Will You Work Free for Me?
Imagine that a prospective client engages with you about the offering they need, which you provide. He or she wants to “pick your brain.” At first you talk on the telephone multiple times, then in person. The conversations flow naturally, as they should with good business relationships, and you are excited to work with this new client. Then your instincts take over and you pause. “Wait a minute,” you say to yourself. “I’ve talked to this person twelve times, but I don’t have an agreement or any hours I can invoice yet.” At what point will you say enough is enough? “I do not work for free. My time is valuable and we need an agreement before we proceed.” Perhaps you’re familiar with the Gold Rule. No, not the Golden Rule—the Gold Rule: Those with the gold make the rules. One of those rules is to get as much as they can out of you for as little as possible—perhaps even for free, if you let them. Why not? This is business. It’s not personal—at least not for them. Ah, situational ethics, it’s nice to see you again, my old nemesis. People’s business tactics reveal their intentions. How will you recognize the signs?
- Your request for fair-value business engagement is ignored.
“We have more important things to discuss right now. Can you help me with this?” They might even cry poor. You’ve sent your proposal without receiving acknowledgement. After delivering free product samples, the professional courtesy of a response remains unmet—even after multiple voicemail messages.
- Your instincts sense that someone is taking advantage of you.
You know the feeling, something’s not quite right. Perhaps you’ve seen this movie before. In some business environments, if you don’t know who is being screwed, then it’s you. Trust your gut.
- Someone asks you to do something for free for which you normally charge a fee.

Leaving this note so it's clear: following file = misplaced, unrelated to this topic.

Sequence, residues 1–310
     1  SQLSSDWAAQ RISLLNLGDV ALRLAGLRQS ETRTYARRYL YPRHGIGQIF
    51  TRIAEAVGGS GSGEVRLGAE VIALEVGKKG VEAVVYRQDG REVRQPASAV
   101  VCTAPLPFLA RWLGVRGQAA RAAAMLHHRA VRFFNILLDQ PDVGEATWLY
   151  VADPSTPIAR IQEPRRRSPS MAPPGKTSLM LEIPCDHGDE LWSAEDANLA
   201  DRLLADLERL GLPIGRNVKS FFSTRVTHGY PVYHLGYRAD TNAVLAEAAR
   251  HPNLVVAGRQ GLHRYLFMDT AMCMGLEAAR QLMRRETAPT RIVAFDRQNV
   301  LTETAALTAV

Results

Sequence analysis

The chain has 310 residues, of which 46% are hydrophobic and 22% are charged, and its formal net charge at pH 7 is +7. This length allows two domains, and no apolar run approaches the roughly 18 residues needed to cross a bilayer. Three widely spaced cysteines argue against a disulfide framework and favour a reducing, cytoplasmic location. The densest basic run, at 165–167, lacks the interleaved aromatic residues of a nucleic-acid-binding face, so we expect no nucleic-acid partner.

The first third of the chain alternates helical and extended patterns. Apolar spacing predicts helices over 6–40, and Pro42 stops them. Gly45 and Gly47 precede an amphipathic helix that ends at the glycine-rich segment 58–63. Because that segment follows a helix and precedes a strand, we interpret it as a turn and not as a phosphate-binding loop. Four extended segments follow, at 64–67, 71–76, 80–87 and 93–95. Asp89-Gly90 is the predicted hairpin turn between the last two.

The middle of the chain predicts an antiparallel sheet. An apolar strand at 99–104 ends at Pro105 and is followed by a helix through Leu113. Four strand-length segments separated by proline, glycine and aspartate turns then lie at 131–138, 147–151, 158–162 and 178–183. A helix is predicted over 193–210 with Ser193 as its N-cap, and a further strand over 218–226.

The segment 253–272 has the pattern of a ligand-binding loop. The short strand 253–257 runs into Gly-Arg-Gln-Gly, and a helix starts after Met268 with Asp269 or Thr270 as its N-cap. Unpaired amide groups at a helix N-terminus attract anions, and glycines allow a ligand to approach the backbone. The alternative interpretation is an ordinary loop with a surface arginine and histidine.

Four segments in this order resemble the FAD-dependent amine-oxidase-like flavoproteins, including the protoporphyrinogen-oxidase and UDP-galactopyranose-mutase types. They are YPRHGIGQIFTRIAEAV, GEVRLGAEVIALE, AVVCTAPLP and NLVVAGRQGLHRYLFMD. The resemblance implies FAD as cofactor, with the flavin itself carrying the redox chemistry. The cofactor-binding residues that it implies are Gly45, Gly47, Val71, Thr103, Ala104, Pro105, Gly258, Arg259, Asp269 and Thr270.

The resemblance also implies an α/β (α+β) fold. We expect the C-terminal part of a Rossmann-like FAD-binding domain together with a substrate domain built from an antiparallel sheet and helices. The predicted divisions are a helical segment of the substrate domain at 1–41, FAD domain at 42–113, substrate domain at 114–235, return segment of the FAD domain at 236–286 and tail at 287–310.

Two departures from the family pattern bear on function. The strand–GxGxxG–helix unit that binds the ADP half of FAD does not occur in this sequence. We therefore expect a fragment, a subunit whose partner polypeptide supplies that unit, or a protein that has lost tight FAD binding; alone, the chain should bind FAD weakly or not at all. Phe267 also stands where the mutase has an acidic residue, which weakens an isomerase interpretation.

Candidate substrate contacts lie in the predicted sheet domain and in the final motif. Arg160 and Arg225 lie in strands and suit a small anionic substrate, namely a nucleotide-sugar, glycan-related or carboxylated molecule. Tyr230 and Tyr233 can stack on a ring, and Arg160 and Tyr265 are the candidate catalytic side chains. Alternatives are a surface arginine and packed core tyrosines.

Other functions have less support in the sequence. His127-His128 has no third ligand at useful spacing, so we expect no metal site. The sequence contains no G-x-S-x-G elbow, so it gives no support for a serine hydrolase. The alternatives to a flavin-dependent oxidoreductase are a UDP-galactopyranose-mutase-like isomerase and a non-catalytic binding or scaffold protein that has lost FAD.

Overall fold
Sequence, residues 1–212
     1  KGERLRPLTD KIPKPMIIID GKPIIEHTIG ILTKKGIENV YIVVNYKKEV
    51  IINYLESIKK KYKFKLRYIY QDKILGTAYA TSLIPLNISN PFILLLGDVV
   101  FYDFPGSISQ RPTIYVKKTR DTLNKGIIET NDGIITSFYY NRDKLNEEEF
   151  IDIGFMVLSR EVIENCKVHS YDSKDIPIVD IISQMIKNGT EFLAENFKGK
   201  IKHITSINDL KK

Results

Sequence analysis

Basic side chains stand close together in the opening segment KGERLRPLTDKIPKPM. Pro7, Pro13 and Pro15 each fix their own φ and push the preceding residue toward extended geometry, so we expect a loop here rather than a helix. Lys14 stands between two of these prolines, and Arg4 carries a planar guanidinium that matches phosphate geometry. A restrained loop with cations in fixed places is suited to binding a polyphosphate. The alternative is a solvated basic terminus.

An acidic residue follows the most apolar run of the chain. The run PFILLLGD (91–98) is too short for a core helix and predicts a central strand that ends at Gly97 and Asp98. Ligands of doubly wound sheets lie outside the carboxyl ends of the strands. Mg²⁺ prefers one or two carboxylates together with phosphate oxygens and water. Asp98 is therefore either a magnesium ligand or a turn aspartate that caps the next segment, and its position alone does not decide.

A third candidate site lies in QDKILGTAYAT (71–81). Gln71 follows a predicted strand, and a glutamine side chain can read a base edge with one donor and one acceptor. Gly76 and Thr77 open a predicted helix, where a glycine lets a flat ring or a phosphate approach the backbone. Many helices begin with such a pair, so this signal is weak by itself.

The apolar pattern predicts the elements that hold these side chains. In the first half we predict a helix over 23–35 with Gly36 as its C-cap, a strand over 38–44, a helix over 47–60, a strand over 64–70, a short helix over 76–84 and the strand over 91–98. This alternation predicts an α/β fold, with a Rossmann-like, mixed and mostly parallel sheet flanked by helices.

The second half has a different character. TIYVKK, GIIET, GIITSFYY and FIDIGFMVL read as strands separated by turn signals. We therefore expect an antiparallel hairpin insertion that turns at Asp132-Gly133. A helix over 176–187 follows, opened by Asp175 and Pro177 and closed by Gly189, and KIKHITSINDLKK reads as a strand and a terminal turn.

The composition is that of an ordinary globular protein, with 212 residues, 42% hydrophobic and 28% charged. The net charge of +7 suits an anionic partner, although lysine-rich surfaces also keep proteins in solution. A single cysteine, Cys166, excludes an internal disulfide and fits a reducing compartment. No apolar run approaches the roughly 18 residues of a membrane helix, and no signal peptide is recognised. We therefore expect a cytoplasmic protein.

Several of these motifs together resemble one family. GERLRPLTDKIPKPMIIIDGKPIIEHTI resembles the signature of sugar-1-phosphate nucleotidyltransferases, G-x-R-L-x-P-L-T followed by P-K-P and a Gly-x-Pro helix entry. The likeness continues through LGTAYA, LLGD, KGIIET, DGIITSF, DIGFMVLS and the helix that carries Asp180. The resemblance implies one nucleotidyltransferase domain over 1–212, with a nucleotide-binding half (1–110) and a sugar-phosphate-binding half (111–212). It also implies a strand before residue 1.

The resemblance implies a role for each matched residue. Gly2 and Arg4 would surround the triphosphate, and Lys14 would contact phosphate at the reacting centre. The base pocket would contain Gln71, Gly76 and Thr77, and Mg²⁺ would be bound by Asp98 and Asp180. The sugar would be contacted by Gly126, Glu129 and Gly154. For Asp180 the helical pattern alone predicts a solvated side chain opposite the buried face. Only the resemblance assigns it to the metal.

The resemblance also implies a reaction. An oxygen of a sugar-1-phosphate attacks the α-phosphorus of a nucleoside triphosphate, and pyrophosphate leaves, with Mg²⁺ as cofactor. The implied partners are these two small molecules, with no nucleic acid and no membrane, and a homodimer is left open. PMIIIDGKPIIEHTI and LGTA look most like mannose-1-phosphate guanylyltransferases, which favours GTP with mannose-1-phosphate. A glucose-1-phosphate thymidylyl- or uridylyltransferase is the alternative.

“Will you work for free for me?” is asked in so many glorious forms. If you find yourself providing more than a work sample, stop. Decide for yourself whether you have agreed to work for free or not. (Anecdotally, note that I’m not being paid to give you this advice!) When you are operating from a position of scarcity (that is, you don’t have enough money), the temptation becomes greater to submit to subtle demands to work for free to prove your value. It can take the internal fortitude of an NFL linebacker to say, “No, I will not do that,” when you don’t have enough money. On the other hand, when operating from a position of abundance (having more money than you need), it’s much easier to say, “I don’t work for free. You’ll get what you pay for. Perhaps it’s time for us to move on.” They might even demonstrate their respect for you by paying you—or they might not. A business friend of mine shares a useful technique for managing requests for free work. She wrote to me and said, “I actually keep a little purple plastic champagne flute on my desk-- a friend's business-promotion gift-- and I put a quarter into it every time someone asks me to work for free, whether or not I consciously choose to do so. It fills up fast, and it keeps me conscious of recognizing when I'm being asked to work for free.” I must confess that I have a soft spot for my former students, readers, and audience members. I choose to work for free for them—on a one-time basis, for a set amount of time. But when I’m asked to work for free and I haven’t chosen to, you now know what I’ll say. What will you say? Copyright © John J. McAdam. All Rights Reserved.